Gov. Kelly’s Council on Tax Reform is a 19-member bipartisan group charged with making recommendations to increase the effectiveness and fairness of our state’s tax system. As a member of this group, I want to respond to the recent editorial written by Alan Cobb, CEO and president of the Kansas Chamber.

When it comes to income taxes, President Trump took a page right out of Sam Brownback’s playbook. The president pushed for federal tax reform that primarily benefits wealthier taxpayers and large corporations at the expense of low and middle-income taxpayers.

His tax changes will significantly increase the federal deficit, resulting in budget cuts to critical services — problems Kansans are all too familiar with because of Brownback’s infamous tax experiment.

The damage done by Brownback’s reckless experiment was devastating. Although we are on a path of recovery, it will take many more years to fully recover. As a result, Gov. Kelly and the council have urged caution when it comes to making tax changes that would reduce revenue until the state has fully regained fiscal stability.

Changes made should not be done hastily nor should they be made because other states have done them. We must do what is best for Kansas.

In his editorial, Mr. Cobb touts tax reforms recommended by the Tax Foundation. But he neglected to point out that three of their recommendations, if enacted into law, would result in a reduction to the state general fund of $290 million! The more measured approach of the Governor’s Council on Tax Reform stands in stark contrast to these dramatic tax cuts.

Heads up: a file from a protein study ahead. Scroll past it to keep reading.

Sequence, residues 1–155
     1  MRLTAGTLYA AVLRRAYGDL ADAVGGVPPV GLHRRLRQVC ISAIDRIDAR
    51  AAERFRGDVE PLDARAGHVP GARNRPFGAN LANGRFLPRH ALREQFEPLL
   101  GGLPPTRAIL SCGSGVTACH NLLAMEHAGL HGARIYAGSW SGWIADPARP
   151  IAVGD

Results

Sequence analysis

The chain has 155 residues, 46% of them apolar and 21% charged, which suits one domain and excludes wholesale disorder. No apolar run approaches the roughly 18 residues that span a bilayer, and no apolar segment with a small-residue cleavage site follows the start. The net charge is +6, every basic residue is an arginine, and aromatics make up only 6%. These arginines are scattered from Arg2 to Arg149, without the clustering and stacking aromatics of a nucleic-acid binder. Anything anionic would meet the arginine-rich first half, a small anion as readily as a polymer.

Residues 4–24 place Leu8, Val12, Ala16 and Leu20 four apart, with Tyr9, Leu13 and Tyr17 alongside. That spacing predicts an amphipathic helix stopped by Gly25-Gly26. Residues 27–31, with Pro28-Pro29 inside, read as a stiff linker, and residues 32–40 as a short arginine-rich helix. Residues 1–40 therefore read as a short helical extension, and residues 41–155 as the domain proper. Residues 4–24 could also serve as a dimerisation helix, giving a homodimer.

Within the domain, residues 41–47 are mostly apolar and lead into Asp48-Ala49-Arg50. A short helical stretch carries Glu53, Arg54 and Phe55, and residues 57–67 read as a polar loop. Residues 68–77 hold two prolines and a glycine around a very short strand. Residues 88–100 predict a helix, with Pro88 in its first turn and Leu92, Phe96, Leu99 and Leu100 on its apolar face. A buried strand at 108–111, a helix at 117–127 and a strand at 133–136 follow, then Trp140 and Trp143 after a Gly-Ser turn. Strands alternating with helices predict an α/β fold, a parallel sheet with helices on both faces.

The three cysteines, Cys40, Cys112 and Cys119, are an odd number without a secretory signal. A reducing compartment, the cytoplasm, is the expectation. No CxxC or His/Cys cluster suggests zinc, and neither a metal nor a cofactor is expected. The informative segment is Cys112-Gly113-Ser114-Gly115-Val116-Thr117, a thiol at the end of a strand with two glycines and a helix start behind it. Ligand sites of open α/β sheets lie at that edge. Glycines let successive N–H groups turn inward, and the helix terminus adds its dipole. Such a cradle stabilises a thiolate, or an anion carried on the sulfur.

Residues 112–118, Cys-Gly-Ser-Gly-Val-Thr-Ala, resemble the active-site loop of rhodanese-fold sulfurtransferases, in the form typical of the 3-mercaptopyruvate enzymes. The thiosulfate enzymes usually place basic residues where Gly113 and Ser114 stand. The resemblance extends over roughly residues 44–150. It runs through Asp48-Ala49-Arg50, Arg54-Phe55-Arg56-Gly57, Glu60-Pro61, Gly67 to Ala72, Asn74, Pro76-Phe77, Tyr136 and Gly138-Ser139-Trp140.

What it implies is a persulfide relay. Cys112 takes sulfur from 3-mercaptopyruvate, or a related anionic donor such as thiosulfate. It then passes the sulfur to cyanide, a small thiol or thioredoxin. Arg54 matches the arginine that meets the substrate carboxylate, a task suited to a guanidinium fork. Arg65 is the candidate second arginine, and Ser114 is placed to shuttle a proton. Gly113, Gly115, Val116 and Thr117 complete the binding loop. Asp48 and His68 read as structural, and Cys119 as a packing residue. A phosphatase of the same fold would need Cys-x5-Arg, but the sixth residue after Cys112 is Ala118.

The council supports returning to "the three-legged stool" system of taxation — parity between income, sales and property taxes. We oppose irresponsible changes to the tax system. From 2012 to 2017, while Brownback was governor, our tax system was way out of balance: 36% of total taxes came property and vehicles, 31.5% from sales and only 19% from income.

The council has already proposed restoring the food sales tax refund credit, which was repealed to pay for Brownback’s tax experiment. This would give tax relief to more than 400,000 senior, disabled, and low-income Kansans.

The council also wants to lower local property taxes and help level the playing field for our Main Street retailers in competition with out-of-state retailers.

The council plans to study Mr. Cobb’s suggestion of decoupling and broadening the tax base among other topics over the course of the year before releasing its final report.

However, ensuring continued investments in education at all levels; restoring critical services for our most vulnerable Kansans; expanding Medicaid; closing the bank of KDOT; and, making full, on-time payments to KPERS should all be much higher priorities than giving tax cuts to the wealthy and giant multinational corporations.

Sen. Anthony Hensley is the minority leader in the Kansas Senate.